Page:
What Use Is a Fair Use

Copyright Law sets forth an exception to infringement for fair use.  But what is a fair use is often confusing.  Circumstances often dictate the extent to which this exception is applied.  The statute provides express limitation on the exclusive rights granted…. for the fair use of a copyrighted work, including such use by reproduction in copies or phonorecords or by any other means specified by that section, for purposes such as criticism, comment, news reporting, teaching (including multiple copies for classroom use), scholarship, or research, is not an infringement of copyright. In determining whether the use made of a work in any particular case is a fair use the factors to be considered shall include—

         (1)         the purpose and character of the use, including whether such use is of a commercial nature or is for nonprofit educational purposes;
         (2)         the nature of the copyrighted work;
         (3)         the amount and substantiality of the portion used in relation to the copyrighted work as a whole; and
         (4)         the effect of the use upon the potential market for or value of the copyrighted work….
 An example that comes to mind is use of a picture.  While generally, the photographer has a copyright and therefore controls the use and distribution of the picture, the right to post the picture for purposes of education, news or editorial comment would be considered a fair use.  However, using the picture for your masthead on your website or blog, without license or permission, would be infringement.  In a recent case, the use of the Baltimore Ravens NFL logo for less than 10 seconds in a historical documentary was found to be a transformative fair use despite its commercial nature.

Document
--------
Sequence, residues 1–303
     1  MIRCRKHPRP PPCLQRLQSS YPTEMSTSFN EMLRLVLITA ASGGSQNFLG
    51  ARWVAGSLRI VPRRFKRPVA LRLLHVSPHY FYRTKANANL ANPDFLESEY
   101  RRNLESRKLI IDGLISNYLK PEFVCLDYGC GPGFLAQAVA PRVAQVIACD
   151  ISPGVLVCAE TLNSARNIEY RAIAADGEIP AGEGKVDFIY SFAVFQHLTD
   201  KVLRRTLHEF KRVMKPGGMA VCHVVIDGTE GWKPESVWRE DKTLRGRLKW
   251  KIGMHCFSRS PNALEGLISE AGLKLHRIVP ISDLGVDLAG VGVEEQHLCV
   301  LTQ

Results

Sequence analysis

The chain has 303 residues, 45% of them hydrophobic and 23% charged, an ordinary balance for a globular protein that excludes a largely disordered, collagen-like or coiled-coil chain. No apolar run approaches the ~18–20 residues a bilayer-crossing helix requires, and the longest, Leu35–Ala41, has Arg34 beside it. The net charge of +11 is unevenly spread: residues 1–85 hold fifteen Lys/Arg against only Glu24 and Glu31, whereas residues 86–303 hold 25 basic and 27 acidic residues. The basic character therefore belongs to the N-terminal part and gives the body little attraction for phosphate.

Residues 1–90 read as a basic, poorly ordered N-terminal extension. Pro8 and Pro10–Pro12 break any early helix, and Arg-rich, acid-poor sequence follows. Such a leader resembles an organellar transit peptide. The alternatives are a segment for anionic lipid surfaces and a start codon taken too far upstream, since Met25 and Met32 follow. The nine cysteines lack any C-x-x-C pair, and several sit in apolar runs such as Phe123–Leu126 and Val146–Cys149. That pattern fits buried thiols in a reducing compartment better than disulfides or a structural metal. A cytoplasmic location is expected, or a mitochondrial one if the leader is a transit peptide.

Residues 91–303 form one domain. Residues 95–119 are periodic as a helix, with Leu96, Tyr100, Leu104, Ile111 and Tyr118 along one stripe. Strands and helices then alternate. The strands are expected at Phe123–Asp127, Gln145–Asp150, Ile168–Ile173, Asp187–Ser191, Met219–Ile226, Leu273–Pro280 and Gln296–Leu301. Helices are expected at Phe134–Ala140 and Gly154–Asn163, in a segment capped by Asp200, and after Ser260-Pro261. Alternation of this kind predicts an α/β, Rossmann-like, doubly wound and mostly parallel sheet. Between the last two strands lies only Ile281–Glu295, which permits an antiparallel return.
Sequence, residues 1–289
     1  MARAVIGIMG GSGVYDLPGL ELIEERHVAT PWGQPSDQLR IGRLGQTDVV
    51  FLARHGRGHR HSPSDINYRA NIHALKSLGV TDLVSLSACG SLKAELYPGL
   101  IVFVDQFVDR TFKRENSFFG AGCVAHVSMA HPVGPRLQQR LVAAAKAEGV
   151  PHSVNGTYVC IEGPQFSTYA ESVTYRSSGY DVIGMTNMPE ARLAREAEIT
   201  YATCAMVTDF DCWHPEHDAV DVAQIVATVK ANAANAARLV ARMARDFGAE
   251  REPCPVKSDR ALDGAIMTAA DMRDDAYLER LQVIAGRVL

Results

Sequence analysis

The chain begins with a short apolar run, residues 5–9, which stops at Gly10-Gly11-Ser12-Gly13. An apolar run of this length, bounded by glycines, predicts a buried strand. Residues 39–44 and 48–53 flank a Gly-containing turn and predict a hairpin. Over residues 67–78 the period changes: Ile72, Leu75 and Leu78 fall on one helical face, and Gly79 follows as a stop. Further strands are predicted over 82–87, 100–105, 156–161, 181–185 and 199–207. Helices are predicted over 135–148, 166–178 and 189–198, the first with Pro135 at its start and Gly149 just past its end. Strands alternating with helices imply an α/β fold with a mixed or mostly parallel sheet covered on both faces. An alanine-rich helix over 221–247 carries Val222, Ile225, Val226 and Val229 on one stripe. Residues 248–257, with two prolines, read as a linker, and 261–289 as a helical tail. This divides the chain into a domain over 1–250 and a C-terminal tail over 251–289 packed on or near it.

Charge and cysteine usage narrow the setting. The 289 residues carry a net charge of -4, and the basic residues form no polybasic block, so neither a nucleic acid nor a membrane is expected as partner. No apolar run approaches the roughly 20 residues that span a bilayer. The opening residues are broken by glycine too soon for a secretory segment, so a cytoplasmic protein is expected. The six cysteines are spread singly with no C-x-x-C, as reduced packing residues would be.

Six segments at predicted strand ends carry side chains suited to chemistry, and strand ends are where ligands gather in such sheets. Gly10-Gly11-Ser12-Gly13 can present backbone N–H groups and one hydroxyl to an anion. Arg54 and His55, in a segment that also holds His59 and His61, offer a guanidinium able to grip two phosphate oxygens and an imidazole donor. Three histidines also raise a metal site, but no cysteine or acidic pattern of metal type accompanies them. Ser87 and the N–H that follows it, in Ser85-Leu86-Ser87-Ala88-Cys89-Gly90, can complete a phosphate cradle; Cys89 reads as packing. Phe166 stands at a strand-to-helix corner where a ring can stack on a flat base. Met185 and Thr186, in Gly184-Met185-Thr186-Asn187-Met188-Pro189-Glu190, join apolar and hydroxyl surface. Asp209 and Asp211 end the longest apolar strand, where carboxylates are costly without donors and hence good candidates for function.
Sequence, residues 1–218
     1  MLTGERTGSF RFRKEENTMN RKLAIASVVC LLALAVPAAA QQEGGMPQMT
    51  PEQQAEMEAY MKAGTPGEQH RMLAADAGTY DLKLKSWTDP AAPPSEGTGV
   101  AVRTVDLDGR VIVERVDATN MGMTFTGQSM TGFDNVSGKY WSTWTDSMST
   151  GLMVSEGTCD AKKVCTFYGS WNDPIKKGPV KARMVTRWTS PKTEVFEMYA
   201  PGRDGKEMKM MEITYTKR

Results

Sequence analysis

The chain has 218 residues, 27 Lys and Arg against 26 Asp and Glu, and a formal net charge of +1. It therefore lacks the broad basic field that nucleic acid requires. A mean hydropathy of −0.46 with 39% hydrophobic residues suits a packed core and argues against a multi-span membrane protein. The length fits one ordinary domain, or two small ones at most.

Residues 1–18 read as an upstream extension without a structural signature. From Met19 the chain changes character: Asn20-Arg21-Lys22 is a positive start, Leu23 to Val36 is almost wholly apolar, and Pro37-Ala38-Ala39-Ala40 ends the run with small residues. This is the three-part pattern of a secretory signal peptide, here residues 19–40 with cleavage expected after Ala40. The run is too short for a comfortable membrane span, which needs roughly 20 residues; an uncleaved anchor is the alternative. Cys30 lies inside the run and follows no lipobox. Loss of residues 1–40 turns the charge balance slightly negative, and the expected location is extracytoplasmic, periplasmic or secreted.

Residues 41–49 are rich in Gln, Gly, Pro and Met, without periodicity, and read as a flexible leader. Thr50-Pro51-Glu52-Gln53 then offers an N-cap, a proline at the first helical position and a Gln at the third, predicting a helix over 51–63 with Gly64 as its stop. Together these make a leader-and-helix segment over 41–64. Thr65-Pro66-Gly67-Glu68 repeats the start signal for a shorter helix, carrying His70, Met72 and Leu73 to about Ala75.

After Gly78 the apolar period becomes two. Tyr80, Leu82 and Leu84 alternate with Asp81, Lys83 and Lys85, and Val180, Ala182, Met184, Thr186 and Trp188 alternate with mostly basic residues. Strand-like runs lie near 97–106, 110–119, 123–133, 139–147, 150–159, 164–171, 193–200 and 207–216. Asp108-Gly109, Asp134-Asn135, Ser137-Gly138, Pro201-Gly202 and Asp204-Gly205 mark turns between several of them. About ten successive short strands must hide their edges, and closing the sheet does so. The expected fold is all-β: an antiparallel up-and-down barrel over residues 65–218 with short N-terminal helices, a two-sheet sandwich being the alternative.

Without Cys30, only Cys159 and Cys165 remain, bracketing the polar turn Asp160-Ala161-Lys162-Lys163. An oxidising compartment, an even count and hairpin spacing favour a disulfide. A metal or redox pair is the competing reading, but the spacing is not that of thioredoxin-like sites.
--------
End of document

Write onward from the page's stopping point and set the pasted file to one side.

A more difficult situation arises when a derivative work is created.  This refers to the ability to use an existing work as the genesis for a new creation.  The exclusive right to use, copy and distribute belongs to the author of the existing work.  A derivative license for its copy or use would be required.  However, in situations where the new work is found again to be transformative, such is not required.  The parody of the Roy Orbison song “Pretty Women” by Luther Campbell and Two Live Crew was allowed by the U.S. Supreme Court as a fair use.  In finding Campbell’s work to be transformative, the Court noted the parody had no effect on the potential market or commercial value of the Orbison song.
 Finally, many artists are creating works by either sampling or mixing the original works and thereby transforming the original nature of the work.  Recently, the use of a short segment of the Four Seasons musical group’s singing performance on the Ed Sullivan Show during the performance of Broadway hit “Jersey Boys” was found to be a fair use.  The piece was included for historical purpose and did not affect the value or market for the original work.  In fact, the party alleging the infringement was ordered to pay the other side’s attorney fees.  See Blog link for further case information.
 For a non-commercial use, the courts will be more lenient in determining purpose, such as editorial comment, criticism, etc., and amount used.  If the use is commercial, then it’s imperative that it in some way, such as a parody, remix etc, the use be transformative in that it not affect the value or market for the original work.  Intellectual Property Law remains very fluid and the best course is to check with your legal counsel when presented with a copyright issue.
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